Link Buying Under the Radar

You must have been dead to miss the recent uproar about paid links, started by Matt Cutts (Google spokesman) here and here. He wants paid links to be disclosed to their engine, so presumably they can stop them working so effectively. If you need some background info on this story I would suggest reading the following links.

Google Tells You How to Run Your Business
How Can So Many PHD’s Be So Wrong
Google Wants Reports of Paid Links … What a Joke

This has sent shockwaves through the paid link industry, which encompasses everyone from small website owners selling links on his blog to link buying marketplaces and paid blog placements. By attacking the industry as a whole Matt has certainly helped to spread the FUD.

As Robert Scoble wrote though, this is probably more of shot across the bow of the public link selling systems such as PayPerPost.

Why does Google care? Well, Google’s relevancy rankings will be hurt if people can buy their way onto their pages instead of earn their way to those search results pages by doing the best content, etc. Lots of people are doing comparisons of Google’s search results to Yahoo, Ask, and Microsoft’s search engines. If Google’s result set isn’t the best Google’s market share will start to go down as people figure out there are better engines out there. That, in turn, will hurt Google’s advertising business.

Not to mention that if advertisers know there’s a cheaper way to get onto Google’s search engine than by buying an ad, they’ll go with that system. So, Google has a LOT of incentive to swat down PayPerPost and pay-per-link style systems.

To clear through some of the FUD though, in most cases there is no way Google can tell if you have paid for a link. As Rae Hoffman writes:

The only way for you, or Google, to know is to guess without access to the accounting books for both sides.

Link buying was around before Google and it’s not going to stop now. However it has to happen under the radar. A point Jim Boykin, often ahead of his time, was making back in 2005. While I agree with many of the points against this clampdown this may not be such a bad thing for SEO.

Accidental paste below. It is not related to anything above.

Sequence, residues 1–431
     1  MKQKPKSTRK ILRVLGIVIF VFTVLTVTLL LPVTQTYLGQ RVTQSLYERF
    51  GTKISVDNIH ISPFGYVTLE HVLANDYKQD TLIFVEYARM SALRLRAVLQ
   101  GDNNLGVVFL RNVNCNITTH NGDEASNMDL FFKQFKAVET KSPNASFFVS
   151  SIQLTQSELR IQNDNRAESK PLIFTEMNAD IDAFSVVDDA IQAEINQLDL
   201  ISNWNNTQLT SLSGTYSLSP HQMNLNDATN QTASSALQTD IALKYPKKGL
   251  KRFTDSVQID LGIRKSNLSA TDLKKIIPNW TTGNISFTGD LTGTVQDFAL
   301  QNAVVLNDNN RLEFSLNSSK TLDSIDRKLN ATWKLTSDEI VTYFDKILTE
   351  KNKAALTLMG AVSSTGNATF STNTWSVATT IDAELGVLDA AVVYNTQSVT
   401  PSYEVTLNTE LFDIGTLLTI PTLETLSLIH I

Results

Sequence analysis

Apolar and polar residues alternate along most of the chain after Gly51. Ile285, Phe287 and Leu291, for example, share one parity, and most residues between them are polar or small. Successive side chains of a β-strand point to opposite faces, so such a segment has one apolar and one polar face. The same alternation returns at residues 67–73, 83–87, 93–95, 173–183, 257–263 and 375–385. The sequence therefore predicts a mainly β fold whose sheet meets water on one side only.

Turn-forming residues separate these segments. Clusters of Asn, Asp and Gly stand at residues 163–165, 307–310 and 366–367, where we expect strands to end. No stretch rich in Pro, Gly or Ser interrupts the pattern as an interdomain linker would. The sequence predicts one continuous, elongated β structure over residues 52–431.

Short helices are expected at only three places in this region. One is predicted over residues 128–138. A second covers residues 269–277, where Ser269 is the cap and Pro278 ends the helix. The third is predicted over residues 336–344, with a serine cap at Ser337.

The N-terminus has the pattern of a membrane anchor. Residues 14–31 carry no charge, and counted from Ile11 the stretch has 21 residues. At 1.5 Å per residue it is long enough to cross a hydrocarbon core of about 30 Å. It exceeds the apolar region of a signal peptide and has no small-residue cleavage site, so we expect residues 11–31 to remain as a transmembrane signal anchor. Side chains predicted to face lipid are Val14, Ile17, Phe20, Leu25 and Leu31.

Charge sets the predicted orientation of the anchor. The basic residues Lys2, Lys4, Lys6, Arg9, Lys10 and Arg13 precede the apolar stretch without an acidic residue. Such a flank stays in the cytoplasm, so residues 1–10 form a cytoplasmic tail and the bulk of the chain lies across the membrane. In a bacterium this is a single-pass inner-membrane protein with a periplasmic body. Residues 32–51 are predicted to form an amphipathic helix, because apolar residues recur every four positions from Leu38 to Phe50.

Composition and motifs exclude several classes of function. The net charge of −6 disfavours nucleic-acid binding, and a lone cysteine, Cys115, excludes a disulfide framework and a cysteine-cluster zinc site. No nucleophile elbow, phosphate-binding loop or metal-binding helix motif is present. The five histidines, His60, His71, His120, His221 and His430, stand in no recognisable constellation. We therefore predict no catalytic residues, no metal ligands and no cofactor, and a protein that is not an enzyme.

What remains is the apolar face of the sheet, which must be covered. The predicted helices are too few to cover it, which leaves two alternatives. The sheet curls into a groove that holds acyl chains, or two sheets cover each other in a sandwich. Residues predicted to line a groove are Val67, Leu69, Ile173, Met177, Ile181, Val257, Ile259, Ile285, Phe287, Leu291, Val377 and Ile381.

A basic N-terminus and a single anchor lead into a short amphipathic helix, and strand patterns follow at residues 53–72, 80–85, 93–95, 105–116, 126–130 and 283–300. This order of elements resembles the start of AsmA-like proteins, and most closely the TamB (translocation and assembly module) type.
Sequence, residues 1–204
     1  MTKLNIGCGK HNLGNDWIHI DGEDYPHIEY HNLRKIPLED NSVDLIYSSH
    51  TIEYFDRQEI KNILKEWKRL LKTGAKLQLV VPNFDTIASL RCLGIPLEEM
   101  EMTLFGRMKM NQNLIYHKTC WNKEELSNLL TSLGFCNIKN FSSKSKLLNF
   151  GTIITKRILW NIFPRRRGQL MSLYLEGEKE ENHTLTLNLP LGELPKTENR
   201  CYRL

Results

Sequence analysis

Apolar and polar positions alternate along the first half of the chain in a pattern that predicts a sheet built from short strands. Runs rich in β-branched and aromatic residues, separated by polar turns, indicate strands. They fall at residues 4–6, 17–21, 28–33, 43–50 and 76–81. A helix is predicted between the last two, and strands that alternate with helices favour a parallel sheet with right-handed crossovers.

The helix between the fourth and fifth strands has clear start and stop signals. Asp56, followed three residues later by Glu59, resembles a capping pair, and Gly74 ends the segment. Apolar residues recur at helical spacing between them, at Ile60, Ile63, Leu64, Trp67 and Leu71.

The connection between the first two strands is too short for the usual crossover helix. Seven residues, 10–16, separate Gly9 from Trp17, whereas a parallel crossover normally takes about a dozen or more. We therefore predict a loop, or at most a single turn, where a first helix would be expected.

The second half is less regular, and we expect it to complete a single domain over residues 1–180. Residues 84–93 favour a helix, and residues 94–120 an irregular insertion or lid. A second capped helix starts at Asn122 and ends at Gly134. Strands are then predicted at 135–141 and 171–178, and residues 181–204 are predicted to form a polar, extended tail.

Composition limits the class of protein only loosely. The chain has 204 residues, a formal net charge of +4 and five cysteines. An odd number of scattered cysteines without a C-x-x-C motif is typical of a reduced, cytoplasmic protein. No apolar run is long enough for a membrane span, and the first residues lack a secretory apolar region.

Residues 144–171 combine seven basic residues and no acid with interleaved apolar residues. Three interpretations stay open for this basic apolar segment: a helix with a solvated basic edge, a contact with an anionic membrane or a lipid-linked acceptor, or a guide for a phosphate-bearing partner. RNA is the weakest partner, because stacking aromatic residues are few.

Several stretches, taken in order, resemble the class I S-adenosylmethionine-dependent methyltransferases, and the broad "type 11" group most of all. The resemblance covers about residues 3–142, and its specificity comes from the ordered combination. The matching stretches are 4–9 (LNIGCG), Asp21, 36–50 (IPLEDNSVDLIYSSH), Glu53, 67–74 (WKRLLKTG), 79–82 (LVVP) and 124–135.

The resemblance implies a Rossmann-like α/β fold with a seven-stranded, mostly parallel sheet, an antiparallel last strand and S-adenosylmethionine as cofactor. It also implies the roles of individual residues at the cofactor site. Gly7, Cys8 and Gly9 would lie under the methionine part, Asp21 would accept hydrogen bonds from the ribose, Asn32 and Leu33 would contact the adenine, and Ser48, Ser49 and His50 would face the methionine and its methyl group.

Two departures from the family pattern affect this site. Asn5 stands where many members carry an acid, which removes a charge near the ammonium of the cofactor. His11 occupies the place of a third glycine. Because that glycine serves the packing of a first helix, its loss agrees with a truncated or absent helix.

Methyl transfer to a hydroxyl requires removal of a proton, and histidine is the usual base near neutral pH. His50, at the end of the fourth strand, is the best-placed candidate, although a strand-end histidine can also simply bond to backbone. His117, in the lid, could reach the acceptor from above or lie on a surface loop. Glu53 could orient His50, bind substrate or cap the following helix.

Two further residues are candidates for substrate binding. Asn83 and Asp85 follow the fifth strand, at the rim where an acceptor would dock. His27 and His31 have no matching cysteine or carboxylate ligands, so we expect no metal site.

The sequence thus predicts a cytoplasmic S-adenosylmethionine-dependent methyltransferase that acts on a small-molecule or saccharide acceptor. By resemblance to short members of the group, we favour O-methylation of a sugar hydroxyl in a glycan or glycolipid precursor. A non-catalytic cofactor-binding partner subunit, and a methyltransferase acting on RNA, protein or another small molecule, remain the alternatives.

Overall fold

All power to the pay-per-link systems but they are making the process easier each day. Maturing services like TextLinkAds and ReviewMe almost make the activity a shopping cart experience. In the not to distant future if this trend continues, savvy companies could bypass the online marketer completely to pick up their link portfolio. Even now I’ve seen agents pop up who offer off-the-peg link packages for clients. None of that serves the SEO/SEM industry well if it’s so effective in the SERPs, it will soon become the one-stop solution for online marketing.

Now link building is going to get harder again, and that means more work for the skilled SEO/SEM. What’s the skills? Selecting the right placements for your client on topical and relevant sites or pages. Negotiating with potential link partners by hand on a site-by-site basis, finding virgin territory to make sure you’re not following the main trail left by the herd. Placing links subtly and in relevant places to ensure you stay below the radar or simply coming up with creative ways to get links without direct payment.

Most importantly dealing with paid links as just one aspect of a client’s campaign to ensure their site grows naturally and under the radar of Google.

The link game isn’t over yet. The rules just got changed slightly. As everyone who has been in this industry for some time, that’s just part of the course for an SEO/SEM.

Nick Wilsdon is the Head of Content and Media at iProspect UK, part of the Densu Aegis Network. He manages online campaigns for the UK's leading telecom, finance and FMCG brands.

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